Several overzealous antitrust bills introduced this Congress take aim at America’s largest technology companies. For different and often conflicting reasons, some conservatives and progressives have supported legislation that would restrict normal business practices, ban mergers and acquisitions (M&A), or even force the break up of these companies. Many of these bills target these companies through arbitrary definitions like market cap and user size, but changing markets are demonstrating the perils of a “big is bad” approach.
FAANG is an acronym for five prominent companies Facebook (now Meta), Amazon, Apple, Netflix, and Google (Alphabet). Microsoft is often mentioned as part of this group as well. The strength and strong performance of these American companies made them appealing for investors. However, as restrictions from the COVID-19 pandemic fade and life for many Americans tracks back towards normalcy, these companies some call “monopolies” are showing the folly of current Congressional legislation.
Several antitrust bills, like the American Innovation and Choice Online Act (S. 2992) and the Platform Competition and Opportunity Act (S. 3197), target companies based on their user base size and market capitalization. The thresholds for market caps are set at $550 billion for public companies in S. 2992 and $600 billion at the time of enactment for S. 3197. These bills would radically overhaul existing antitrust laws to prevent common business practices, like selling private labels alongside competitors (referred to as “self-preferencing”) and prevent M&A for certain large companies.
However, market fluctuations are demonstrating how disastrous and untethered to consumer harm these definitions are. These supposedly unassailable monopolies are hitting speed bumps as new competitors grow and consumer habits change in response to fewer COVID-19 restrictions.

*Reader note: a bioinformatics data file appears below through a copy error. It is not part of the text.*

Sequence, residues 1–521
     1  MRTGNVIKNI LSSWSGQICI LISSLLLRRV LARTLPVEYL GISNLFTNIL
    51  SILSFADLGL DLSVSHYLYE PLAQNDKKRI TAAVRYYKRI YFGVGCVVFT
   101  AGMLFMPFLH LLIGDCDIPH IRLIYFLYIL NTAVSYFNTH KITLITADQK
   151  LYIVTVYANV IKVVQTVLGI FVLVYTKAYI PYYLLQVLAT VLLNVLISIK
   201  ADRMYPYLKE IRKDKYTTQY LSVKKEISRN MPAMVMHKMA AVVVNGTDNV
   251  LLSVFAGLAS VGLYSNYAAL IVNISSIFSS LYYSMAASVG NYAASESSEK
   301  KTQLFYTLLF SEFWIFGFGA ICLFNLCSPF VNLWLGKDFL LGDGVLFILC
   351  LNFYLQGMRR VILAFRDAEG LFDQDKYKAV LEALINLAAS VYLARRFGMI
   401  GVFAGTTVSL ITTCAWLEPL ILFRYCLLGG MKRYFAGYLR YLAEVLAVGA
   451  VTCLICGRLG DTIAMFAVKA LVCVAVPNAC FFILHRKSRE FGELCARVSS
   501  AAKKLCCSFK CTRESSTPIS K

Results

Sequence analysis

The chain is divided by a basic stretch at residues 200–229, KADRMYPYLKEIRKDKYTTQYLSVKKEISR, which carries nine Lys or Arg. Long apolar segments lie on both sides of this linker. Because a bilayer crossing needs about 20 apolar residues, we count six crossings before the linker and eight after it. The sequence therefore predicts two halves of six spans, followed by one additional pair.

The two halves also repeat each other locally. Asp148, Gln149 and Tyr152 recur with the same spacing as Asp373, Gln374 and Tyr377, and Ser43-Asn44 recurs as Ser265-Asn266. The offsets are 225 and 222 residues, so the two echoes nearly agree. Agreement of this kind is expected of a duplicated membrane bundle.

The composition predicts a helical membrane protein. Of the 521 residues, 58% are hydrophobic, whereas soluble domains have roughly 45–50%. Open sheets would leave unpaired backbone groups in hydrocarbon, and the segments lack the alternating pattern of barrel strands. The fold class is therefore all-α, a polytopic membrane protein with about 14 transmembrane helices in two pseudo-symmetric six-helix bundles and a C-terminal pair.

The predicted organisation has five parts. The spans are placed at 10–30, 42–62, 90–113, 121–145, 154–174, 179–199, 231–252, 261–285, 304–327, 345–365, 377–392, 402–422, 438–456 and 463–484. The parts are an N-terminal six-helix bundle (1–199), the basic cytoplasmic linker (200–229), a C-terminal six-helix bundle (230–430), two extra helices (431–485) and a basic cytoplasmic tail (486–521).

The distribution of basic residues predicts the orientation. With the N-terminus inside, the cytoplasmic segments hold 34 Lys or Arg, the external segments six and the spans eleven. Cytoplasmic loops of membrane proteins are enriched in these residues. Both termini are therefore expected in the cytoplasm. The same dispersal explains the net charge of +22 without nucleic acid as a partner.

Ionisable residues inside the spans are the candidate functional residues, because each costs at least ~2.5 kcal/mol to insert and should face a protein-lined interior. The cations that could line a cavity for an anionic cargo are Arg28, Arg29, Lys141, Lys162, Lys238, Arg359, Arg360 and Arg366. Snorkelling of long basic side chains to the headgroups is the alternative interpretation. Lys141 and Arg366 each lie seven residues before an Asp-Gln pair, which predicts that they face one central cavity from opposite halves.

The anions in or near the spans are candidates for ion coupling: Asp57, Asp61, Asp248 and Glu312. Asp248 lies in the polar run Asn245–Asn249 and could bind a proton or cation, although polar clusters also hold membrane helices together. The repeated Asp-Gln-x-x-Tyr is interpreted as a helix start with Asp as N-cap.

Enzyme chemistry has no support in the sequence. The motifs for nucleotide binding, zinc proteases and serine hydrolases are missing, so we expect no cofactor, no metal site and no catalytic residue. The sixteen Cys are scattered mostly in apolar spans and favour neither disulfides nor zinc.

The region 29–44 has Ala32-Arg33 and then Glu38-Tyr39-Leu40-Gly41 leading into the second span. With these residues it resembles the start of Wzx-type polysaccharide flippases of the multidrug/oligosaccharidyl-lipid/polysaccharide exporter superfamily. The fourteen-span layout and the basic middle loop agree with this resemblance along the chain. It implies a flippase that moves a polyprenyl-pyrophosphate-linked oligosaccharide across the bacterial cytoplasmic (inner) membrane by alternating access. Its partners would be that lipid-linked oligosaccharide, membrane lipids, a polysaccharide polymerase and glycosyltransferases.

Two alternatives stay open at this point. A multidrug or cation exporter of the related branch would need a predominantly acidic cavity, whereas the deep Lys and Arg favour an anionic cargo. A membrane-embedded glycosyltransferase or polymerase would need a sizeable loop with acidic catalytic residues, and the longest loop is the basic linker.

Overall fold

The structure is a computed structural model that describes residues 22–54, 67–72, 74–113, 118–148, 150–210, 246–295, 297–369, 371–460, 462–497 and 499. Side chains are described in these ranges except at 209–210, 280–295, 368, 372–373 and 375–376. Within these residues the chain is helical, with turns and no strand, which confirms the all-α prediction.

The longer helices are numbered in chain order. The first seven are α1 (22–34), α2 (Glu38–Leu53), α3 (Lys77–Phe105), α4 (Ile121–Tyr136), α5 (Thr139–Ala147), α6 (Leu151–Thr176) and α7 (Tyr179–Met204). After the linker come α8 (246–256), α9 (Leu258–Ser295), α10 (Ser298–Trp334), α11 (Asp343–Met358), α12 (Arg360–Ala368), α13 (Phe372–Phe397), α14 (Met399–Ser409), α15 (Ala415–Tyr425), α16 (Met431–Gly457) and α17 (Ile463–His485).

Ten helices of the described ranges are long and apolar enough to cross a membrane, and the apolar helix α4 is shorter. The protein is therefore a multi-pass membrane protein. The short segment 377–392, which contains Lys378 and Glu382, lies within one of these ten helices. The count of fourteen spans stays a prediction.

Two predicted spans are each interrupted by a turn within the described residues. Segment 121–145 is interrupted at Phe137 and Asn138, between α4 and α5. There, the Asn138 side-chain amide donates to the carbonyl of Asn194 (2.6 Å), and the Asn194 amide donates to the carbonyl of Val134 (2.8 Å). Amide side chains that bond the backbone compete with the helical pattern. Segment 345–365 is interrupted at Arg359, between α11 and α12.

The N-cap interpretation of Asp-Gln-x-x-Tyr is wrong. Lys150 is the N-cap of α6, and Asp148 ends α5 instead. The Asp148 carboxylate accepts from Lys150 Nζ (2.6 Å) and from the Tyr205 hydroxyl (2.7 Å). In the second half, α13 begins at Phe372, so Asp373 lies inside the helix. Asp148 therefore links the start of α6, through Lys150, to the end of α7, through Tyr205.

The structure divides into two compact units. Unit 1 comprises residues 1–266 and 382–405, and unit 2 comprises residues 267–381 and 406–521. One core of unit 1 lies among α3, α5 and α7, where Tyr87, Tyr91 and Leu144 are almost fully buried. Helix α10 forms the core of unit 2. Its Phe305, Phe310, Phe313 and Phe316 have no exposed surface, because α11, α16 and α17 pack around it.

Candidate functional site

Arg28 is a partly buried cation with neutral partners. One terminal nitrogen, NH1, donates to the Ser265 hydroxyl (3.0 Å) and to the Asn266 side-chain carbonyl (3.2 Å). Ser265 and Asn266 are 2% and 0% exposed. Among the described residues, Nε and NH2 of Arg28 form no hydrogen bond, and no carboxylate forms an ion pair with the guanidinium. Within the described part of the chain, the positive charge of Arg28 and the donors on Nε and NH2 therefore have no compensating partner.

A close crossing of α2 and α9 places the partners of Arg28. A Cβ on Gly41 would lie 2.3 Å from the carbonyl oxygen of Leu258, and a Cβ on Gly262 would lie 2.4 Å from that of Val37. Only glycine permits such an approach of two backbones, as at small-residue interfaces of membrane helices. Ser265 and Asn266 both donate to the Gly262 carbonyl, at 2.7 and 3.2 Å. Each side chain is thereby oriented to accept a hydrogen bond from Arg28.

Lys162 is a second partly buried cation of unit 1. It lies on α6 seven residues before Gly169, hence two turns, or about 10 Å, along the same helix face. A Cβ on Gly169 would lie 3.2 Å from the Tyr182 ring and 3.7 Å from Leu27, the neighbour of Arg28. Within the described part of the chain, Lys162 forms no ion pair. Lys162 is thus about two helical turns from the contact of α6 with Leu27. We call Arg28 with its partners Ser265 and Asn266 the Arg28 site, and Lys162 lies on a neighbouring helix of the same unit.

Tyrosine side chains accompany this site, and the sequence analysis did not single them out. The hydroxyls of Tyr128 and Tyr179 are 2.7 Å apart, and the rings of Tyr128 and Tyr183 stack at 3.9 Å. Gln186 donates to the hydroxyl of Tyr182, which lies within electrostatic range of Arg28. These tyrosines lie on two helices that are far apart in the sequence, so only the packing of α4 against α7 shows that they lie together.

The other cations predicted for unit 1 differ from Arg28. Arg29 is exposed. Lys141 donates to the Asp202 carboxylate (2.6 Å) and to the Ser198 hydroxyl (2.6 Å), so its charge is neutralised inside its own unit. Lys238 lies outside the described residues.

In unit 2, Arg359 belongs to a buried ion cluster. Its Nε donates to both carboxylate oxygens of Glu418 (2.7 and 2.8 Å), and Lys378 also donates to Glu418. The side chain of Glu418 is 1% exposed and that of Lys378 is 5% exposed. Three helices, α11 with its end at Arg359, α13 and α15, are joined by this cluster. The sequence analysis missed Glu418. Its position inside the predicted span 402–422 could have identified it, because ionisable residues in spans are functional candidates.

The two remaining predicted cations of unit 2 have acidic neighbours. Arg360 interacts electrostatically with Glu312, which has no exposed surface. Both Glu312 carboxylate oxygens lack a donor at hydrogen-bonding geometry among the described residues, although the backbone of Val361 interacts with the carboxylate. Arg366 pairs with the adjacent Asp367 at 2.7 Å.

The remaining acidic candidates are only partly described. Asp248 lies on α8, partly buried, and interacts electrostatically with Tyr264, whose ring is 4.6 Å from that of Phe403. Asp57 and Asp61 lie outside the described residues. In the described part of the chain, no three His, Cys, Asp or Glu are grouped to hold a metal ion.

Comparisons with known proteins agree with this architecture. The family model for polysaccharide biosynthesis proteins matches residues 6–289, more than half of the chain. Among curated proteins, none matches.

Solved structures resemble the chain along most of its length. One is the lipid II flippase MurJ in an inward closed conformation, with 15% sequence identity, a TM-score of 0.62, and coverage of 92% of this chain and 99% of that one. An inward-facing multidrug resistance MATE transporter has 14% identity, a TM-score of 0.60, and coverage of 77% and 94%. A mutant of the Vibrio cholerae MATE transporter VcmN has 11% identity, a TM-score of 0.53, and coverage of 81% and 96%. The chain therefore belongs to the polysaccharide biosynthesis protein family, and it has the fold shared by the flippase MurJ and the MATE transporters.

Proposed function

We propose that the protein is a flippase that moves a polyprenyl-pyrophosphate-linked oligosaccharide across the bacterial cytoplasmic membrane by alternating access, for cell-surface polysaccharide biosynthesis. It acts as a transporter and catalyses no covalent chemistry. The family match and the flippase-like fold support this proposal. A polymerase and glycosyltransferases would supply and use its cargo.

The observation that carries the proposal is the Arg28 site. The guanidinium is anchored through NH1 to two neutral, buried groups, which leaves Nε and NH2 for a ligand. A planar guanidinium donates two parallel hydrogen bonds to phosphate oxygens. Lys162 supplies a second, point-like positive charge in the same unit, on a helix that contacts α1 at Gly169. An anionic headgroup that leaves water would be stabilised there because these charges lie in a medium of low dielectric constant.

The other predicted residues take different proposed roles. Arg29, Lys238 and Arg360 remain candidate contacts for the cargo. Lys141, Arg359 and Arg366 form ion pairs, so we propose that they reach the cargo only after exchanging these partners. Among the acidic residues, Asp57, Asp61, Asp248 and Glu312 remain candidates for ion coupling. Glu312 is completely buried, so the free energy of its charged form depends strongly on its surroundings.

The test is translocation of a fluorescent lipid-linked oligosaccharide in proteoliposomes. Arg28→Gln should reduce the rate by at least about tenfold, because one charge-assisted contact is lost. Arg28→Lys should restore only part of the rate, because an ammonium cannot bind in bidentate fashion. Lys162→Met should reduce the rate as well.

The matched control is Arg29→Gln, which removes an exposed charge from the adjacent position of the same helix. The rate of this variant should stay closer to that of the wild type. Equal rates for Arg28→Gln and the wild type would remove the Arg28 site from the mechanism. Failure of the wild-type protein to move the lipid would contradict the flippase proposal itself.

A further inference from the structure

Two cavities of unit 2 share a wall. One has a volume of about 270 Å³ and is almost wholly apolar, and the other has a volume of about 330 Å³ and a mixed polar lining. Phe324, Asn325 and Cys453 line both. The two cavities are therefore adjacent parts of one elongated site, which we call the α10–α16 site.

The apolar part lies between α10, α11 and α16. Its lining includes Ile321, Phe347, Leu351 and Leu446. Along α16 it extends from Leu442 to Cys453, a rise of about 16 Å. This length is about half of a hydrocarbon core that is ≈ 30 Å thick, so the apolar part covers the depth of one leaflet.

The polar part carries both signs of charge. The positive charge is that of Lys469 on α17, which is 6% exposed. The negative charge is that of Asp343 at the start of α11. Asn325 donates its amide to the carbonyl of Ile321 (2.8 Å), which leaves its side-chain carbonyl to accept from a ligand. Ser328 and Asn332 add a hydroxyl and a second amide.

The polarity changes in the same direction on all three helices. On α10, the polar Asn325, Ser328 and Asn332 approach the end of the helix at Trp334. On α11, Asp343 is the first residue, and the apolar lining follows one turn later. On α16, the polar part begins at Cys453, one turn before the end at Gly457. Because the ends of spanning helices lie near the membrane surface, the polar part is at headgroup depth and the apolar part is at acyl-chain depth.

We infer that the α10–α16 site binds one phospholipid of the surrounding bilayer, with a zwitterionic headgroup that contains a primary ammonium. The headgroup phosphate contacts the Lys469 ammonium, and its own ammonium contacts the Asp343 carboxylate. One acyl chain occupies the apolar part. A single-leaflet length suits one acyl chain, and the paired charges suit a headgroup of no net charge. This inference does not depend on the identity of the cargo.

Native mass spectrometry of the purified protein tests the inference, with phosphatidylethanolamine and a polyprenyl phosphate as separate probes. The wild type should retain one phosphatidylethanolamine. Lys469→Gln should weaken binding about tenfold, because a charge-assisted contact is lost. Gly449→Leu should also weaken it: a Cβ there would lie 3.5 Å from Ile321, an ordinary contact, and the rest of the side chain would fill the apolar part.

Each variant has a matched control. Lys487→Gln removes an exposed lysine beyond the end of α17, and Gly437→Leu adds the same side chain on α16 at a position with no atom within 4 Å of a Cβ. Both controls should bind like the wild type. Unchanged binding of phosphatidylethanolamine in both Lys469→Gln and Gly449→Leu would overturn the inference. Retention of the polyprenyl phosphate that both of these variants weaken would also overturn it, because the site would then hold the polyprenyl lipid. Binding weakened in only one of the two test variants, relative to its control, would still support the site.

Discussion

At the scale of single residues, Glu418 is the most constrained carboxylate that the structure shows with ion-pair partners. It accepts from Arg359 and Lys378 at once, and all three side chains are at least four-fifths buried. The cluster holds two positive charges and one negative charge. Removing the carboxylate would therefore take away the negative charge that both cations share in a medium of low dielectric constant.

Meta’s market cap fell below $600 billion earlier this year, while other competitors like TikTok and Snap continue to grow. Netflix’s shares dropped 35 percent last week after their user base declined. Netflix has also faced competitive pressures from other streaming services like Disney+, HBO Max, and Peacock.
There is little rationale for targeting companies of an arbitrary size if the goal is to promote competition and protect consumers. If a company with a $600 billion market cap engaged in self-preferencing is supposedly bad, why would this same behavior not be similarly deemed obviously harmful with a market cap of $525 billion? Rather than removing barriers to competition and promoting innovation, some lawmakers are simply looking to prevent companies from growing. This is a misguided approach that will backfire for consumers and undermine U.S. competitiveness.
Alarmingly, the antitrust legislation is written so a “covered platform” would still be subject to these regulations regardless of whether they are usurped by competitors. The designation of a “covered platform” lasts for 7 years and 10 years respectively for S. 2992 and S.3197. Even if a company was no longer a dominant platform, they would still be burdened with excessive regulations while their competitors would not be.
The government should not be picking winners and losers, but empowering unelected bureaucrats with radical antitrust authority would do just that. Market caps are an unreliable indicator of consumer harms and using these caps as a basis for targeting certain companies undermines the consumer welfare standard. Big is not necessarily bad, and lawmakers should not make choices that are better left to consumers.
Will Yepez is a Policy and Government Affairs Manager for National Taxpayers Union.